For one, the FOIA has a hard-coded list of nine exemptions, covering national defense, internal agency rules, trade secrets, legally privileged communications, personal privacy for federal employees, and of course...Geological information of wells. There are also hard-coded exclusions that allow agencies to withhold information, usually for national security concerns or active federal investigations and prosecutions.

What this means in practice is that the FOIA request may be denied.and that intention Denied, a lot.By law, federal agencies have 20 days to respond to your request, but in practice often takes years just to get a reply. The agency in question has been instructed to provide records, even if some of them are exempt from his FOIA regulations, which often results in receiving a useless set of documents. I mean mostly blacked out and editedAlso, FOIA requests are often denied outright for no reason. Litigation is often required Force institutions to release records as required by law.

Finally, remember that law allows federal agencies to charge fees to provide these records. Because they have to pay people to find them and make copies (unless they’re digital of course). See what you’re into. Fee waivers may be requested, but waivers are based on demonstrating that the information is of significant public interest value.

In other words, if you dream of sending dozens of FOIA requests to reach your goal of becoming knowledgeable, you may need to prepare for disappointment.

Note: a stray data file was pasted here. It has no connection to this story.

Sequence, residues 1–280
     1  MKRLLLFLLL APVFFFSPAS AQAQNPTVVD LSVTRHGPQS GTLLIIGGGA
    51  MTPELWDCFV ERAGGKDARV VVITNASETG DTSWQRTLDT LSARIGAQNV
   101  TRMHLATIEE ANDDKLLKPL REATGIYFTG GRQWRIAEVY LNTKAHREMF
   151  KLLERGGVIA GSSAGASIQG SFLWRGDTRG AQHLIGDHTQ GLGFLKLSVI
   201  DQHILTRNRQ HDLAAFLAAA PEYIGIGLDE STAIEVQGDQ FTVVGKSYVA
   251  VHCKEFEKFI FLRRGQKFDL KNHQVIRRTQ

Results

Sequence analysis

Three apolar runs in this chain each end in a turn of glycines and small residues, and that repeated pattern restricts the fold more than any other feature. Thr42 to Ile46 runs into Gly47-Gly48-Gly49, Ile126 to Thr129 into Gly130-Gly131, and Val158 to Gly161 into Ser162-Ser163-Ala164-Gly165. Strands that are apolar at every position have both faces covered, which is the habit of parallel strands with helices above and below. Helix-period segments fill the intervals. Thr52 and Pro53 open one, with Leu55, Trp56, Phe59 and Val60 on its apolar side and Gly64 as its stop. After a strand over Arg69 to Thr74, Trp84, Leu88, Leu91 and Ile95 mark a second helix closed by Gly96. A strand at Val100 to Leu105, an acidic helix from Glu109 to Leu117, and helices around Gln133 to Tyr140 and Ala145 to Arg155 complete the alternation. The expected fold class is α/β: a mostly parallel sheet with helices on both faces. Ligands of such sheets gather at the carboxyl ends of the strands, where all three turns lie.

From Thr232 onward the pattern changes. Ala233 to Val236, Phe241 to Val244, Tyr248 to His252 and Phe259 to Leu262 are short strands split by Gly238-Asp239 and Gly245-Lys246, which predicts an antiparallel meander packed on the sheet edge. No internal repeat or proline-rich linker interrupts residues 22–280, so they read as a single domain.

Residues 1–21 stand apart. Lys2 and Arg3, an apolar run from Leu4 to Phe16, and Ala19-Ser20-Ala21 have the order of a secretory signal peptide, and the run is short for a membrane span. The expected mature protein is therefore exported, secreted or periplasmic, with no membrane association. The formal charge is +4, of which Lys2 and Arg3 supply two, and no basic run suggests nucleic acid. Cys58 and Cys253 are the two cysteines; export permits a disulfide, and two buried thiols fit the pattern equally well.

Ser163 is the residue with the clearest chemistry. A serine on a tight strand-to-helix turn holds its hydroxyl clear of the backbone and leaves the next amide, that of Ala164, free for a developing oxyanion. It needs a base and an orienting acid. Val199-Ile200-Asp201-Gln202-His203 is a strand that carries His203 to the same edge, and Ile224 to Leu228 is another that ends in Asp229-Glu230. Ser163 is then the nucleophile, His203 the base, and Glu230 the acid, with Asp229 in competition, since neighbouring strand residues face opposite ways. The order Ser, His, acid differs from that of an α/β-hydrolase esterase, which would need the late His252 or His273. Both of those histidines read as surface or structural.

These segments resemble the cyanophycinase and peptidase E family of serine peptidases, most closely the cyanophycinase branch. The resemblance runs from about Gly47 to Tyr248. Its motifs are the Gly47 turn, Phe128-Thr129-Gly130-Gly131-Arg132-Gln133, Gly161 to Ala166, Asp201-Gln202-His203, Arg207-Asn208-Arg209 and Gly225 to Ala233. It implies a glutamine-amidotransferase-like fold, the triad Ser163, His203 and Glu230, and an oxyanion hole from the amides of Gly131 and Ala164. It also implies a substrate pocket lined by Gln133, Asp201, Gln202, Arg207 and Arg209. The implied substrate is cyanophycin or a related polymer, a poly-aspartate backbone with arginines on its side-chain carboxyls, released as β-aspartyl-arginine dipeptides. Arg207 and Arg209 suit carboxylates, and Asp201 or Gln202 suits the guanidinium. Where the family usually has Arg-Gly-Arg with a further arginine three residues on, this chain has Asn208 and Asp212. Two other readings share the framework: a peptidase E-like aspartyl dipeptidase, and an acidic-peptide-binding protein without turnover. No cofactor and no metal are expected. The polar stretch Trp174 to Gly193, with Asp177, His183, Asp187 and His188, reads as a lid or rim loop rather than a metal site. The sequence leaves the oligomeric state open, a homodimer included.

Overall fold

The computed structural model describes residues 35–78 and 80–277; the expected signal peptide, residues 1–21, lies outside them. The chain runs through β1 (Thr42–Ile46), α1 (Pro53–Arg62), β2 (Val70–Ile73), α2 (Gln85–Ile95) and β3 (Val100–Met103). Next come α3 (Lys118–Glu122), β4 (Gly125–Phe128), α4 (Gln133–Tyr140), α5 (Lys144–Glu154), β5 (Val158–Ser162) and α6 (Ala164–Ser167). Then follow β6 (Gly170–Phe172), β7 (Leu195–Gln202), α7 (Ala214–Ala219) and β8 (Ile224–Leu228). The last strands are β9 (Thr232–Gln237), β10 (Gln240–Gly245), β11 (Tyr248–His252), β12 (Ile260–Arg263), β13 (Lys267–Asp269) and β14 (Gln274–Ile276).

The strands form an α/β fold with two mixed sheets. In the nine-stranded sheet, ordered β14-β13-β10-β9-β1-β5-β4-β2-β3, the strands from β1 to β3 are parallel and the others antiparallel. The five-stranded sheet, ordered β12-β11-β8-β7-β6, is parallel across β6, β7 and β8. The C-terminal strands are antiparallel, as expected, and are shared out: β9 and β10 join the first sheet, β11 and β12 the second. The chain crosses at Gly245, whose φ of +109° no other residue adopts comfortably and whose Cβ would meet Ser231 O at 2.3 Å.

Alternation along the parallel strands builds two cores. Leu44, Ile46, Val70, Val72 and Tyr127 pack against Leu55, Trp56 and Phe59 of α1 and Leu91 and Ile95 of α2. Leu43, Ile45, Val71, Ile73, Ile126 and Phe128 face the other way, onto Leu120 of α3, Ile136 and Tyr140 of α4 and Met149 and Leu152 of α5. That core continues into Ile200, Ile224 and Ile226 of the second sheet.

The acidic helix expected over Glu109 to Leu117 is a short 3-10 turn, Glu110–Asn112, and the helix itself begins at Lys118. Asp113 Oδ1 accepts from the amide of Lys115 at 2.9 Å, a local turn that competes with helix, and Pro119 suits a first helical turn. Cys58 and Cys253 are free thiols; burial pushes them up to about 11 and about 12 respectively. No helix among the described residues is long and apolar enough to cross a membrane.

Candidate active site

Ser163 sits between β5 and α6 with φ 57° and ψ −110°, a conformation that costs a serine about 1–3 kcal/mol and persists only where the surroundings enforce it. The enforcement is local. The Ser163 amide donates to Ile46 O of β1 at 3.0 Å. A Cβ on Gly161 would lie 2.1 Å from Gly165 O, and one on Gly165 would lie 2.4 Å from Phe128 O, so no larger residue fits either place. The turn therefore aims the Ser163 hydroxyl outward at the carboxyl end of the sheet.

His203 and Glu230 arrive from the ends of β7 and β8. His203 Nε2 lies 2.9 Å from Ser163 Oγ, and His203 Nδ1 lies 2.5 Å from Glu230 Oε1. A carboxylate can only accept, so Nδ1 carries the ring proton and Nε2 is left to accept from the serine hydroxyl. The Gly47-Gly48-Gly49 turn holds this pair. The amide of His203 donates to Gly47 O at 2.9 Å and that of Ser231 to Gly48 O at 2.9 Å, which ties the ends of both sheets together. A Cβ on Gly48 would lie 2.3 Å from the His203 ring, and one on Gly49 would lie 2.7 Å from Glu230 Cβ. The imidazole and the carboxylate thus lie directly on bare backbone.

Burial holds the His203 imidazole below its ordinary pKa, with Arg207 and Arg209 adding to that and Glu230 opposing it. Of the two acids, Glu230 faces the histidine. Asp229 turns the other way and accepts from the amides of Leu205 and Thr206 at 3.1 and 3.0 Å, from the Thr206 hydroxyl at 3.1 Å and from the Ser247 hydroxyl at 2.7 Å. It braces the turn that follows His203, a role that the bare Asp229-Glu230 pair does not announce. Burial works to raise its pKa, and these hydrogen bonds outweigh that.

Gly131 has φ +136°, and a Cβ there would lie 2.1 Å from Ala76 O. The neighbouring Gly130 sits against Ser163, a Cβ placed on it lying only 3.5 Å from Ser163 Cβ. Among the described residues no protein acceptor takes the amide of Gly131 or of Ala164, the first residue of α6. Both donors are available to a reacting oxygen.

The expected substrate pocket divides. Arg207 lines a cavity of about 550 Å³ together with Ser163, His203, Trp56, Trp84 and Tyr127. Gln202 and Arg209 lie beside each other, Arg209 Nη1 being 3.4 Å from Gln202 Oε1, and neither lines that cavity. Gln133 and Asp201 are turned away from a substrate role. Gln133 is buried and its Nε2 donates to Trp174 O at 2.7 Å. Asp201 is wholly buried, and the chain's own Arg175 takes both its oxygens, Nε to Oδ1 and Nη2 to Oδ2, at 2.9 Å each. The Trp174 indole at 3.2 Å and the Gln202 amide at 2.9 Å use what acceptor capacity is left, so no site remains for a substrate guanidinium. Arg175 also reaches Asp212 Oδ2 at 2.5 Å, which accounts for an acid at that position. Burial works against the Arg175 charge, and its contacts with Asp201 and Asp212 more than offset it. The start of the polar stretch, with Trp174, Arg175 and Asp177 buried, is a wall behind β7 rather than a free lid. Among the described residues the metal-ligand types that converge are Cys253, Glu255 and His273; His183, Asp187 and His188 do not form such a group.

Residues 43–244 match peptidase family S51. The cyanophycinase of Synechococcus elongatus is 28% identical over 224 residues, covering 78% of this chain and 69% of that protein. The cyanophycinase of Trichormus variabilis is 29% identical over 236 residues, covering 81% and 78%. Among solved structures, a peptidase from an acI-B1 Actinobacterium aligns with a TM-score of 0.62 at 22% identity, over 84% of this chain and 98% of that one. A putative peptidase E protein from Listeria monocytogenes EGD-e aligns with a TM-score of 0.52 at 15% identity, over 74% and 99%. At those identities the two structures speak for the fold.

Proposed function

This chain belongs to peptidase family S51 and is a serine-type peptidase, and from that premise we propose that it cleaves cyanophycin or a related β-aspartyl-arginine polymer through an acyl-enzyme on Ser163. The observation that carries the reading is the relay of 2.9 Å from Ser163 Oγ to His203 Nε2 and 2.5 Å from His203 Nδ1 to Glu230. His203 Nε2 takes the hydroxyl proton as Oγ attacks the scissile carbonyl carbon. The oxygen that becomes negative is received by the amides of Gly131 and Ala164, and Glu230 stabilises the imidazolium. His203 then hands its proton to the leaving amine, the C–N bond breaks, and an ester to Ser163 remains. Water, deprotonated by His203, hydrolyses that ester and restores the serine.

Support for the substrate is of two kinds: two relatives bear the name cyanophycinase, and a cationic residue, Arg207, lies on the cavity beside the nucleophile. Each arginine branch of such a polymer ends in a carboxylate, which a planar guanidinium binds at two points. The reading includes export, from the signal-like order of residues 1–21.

How to submit a FOIA request

That said, FOIA can be a powerful tool if used wisely and properly.equest is free. Always worth a try. Here’s how the FOIA r is created:request:

  1. Identify the appropriate federal agency and locate its FOIA office. You can usually find this information with a simple Google search. For example, if you search “IRS FOIA” on Google, hereMost institutions allow FOIA requests to be made via i.Internet, but some may still need physical old-fashioned letters.
  2. Know the record you’re looking for. The more specific you are, the more likely you are to get what you want. Just asking for something with your name on it will either give you nothing or a dump truck full of useless information.
  3. There is no standard form. Simply describe the record you are looking for as clearly as possible.you can find a lot sample letter above Methe internet that will give you the gist of it. Tell them why you need the information and that you are willing to pay the associated fees (you can specify the amount you are willing to pay, or request a waiver of fees if you believe the information is in the public interest) . ), and how you would like to receive your records (electronic or physical).

that’s all. Start sending that letter or form and start waiting. Ultimately, you will receive a response that either denies the request or provides the records that the agency deems necessary. You may appeal an agency’s decision within 30 days by another letter, email, or by submitting a form on the agency’s website. If the appeal is denied, the only options are to file an amended FOIA request for her for other records or to file a lawsuit.

Finally, tThe Freedom of Information Act is a powerful tool, but the same government that created it. It is cumbersome, difficult to use, and only partially effective.

How to submit a FOIA request (and the dirt it helps find)